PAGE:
Gulf of Guayaquil–Tumbes mangroves

From Wikipedia–Tumbes_mangroves
Gulf of Guayaquil–Tumbes mangroves (NT1413)
Parque Histórico Guayaquil - Mangrove.JPG
Mangroves in the Guayaquil Historical Park
Ecoregion NT1413.png
Ecoregion territory (in red)
Realm Neotropical
Biome Mangroves
Borders Ecuadorian dry forests, Tumbes–Piura dry forests and Western Ecuador moist forests
Area3,400 km2 (1,300 sq mi)
Coordinates 2°34′01″S 79°45′36″W / 2.567°S 79.760°W / -2.567; -79.760

2°34′01″S 79°45′36″W / 2.567°S 79.760°W / -2.567; -79.760

The Gulf of Guayaquil–Tumbes mangroves (NT1413) are an ecoregion located in the Gulf of Guayaquil in South America, in northern Peru and southern Ecuador. It has an area of 3,300 km² (1300 sq mi).


The mangroves are found between Ecuador and Peru where many rivers empty into the Pacific and the Gulf of Guayaquil. They fringe the Gulf of Guayaquil and the northwestern Pacific Coast of Peru near Tumbes. They cover an area of 1,300 square miles (3,400 km2). [1] Inland the mangroves transition into areas of Ecuadorian dry forests, Western Ecuador moist forests and in the south the Tumbes–Piura dry forests, which extend into Peru. [2]

The Gulf of Guayaquil is the largest estuary ecosystem on South America's Pacific coast. The flat land and high tides result in salt water moving far up the gulf. Average annual rainfall is 600 millimetres (24 in), but in some years may be as much as 3,800 millimetres (150 in). [3]


The ecoregion is part of the Panama Bight Mangroves, a Global ecoregion, which contains the Gulf of Panama mangroves, Esmeraldas–Pacific Colombia mangroves, Manabí mangroves and Gulf of Guayaquil–Tumbes mangroves. [4]


The ecoregion contains plant formations of mangrove ( Rhizophora spp.) forest that are adapted to permanently flooded conditions and the resulting environments, which offer little available oxygen.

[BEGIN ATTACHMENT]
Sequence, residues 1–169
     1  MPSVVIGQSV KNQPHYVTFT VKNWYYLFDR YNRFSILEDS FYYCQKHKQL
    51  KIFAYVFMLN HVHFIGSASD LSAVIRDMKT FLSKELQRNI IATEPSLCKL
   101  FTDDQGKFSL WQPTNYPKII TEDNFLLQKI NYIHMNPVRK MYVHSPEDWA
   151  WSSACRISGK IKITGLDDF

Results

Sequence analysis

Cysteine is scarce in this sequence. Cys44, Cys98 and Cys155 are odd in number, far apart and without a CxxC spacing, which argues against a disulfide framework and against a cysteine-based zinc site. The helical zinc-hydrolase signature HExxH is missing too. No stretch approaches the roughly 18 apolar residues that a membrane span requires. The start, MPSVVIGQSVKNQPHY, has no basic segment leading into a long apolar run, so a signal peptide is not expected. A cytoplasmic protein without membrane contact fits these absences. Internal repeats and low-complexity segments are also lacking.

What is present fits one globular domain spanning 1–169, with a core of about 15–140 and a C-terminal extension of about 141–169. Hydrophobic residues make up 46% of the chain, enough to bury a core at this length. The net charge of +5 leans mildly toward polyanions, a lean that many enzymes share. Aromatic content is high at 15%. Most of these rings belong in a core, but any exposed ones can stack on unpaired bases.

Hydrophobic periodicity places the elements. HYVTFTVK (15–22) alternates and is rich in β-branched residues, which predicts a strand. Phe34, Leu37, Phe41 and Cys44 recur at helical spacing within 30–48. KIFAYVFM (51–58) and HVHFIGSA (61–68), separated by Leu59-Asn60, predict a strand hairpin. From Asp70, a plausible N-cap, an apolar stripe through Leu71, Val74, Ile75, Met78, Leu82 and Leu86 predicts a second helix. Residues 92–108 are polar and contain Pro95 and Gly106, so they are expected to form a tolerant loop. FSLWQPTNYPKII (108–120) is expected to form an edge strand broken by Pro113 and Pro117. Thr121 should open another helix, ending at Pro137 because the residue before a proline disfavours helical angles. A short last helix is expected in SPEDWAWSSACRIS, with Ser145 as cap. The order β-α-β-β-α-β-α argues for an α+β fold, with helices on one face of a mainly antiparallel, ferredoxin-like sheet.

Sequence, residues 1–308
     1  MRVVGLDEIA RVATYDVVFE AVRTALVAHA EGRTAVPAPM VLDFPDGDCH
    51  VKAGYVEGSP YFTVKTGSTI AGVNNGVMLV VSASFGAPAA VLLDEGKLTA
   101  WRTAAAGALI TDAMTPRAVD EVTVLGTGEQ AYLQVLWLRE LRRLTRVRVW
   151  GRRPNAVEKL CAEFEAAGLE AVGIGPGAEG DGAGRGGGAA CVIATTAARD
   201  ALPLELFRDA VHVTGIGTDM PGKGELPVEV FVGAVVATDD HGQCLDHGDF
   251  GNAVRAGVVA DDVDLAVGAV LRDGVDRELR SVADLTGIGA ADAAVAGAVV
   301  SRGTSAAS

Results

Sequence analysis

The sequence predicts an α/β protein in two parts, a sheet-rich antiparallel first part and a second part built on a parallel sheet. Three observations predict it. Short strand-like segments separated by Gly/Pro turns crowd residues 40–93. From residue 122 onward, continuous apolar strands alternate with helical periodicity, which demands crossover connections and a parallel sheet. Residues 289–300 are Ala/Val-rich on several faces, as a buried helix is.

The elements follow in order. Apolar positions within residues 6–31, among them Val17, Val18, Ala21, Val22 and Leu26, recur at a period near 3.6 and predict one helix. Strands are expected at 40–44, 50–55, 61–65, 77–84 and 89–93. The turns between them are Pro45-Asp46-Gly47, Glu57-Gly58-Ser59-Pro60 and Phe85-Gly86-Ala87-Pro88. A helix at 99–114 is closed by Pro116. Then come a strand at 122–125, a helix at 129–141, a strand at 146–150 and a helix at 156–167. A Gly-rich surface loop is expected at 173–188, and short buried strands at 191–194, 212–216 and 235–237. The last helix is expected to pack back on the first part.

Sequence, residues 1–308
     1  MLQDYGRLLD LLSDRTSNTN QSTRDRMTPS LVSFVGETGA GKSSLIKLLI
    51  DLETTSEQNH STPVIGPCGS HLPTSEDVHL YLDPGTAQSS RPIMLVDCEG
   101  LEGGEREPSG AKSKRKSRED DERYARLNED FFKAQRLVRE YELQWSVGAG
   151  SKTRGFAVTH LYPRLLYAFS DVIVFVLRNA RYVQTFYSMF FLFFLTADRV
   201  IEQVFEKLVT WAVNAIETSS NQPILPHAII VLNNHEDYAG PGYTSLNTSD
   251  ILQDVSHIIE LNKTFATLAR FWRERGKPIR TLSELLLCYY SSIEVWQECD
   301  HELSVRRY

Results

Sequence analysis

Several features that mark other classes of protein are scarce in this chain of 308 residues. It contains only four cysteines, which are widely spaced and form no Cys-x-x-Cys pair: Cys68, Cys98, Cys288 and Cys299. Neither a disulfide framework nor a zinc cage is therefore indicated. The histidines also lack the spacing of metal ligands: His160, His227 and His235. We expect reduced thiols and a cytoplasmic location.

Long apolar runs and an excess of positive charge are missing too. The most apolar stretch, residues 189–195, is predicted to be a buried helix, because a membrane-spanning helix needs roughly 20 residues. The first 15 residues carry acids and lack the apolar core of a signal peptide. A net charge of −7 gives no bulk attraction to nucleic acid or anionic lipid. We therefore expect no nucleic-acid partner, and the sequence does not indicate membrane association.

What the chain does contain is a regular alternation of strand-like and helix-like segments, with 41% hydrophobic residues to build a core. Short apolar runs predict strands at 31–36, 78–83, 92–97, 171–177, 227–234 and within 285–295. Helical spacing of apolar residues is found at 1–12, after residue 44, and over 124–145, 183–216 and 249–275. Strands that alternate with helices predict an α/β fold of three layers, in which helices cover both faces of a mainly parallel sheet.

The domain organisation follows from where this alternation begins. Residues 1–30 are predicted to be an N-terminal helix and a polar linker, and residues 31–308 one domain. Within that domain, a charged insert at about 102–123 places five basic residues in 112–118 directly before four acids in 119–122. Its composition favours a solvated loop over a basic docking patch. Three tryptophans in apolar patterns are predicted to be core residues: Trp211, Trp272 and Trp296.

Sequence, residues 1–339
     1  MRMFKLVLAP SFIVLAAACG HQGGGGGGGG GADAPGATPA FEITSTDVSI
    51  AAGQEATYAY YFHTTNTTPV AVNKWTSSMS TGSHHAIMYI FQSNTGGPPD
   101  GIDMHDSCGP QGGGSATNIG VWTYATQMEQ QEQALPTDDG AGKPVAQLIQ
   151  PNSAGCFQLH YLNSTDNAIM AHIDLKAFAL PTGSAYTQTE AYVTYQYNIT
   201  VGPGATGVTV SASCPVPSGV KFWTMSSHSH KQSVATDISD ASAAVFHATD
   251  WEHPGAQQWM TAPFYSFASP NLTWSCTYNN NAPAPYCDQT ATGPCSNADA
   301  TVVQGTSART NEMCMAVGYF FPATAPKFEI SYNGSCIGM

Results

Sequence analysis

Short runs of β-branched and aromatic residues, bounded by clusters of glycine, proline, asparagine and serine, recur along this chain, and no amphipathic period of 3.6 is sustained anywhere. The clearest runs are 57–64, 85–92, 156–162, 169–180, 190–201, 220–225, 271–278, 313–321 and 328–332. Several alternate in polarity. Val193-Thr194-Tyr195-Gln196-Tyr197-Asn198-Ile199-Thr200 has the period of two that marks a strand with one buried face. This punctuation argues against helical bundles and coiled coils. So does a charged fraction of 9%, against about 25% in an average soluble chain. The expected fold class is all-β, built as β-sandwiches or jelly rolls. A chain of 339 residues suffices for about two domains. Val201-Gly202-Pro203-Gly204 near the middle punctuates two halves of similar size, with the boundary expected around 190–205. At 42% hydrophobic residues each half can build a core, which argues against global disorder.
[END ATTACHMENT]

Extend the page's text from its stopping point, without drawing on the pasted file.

The Tumbes River is the southern limit for some mangrove species. [3]


There 13 mammal and reptile species, including the American crocodile (Crocodylus acutus) at its southern limit. There are more than 40 species of birds including the Neotropic cormorant (Phalacrocorax brasilianus), white-necked heron (Ardea pacifica), great egret (Ardea alba), American white ibis (Eudocimus albus), roseate spoonbill (Platalea ajaja), osprey (Pandion haliaetus), white-winged guan (Penelope albipennis) and horned screamer (Anhima cornuta). [3]


Large parts of the mangroves have been destroyed to make way for aquaculture, rice farms, housing and industry. Other threats come from mercury pollution from gold and silver mining upstream in the Puyango-Tumbes watershed, urban pollution and dams. [3] In Ecuador about 40,000 hectares (99,000 acres) of mangroves were lost in the 1980s and early 1990s due to unsustainable shrimp pond development. Since then the mangroves have been slowly recovering, and seem stable. [5]

On Ecuador's side of the mangrove ecoregion, particularly near the cities of Machala and Santa Rosa in the province of El Oro, many shrimp farm ponds have been dug out for export of shrimp to the U.S., Europe and other regions. Shrimp are one of Ecuador's main exports together with crude oil and derivatives, bananas and ornamental flowers.

On the Peruvian side some of the mangroves are protected by the Manglares de Tumbes National Sanctuary.



  • Gulf of Guayaquil-Tumbes mangroves (NT1413), Wild World, archived from the original on 2010-03-08, retrieved 2017-06-20CS1 maint: bot: original URL status unknown ( link)
  • Juan Carlos Riveros Salcedo, Western South America: Ecuador and Peru (NT1413), WWF: World Wide Fund for Nature, retrieved 2017-06-19
  • Panama Bight Mangroves, WWF Global, retrieved 2017-06-19
  • Serena Fortuna (2007), "8: South America", The world's mangroves 1980-2005 (PDF), FAO, ISBN  978-92-5-105856-5, retrieved 2017-06-19
  • WildFinder, WWF: World Wildlife Fund, retrieved 2017-06-18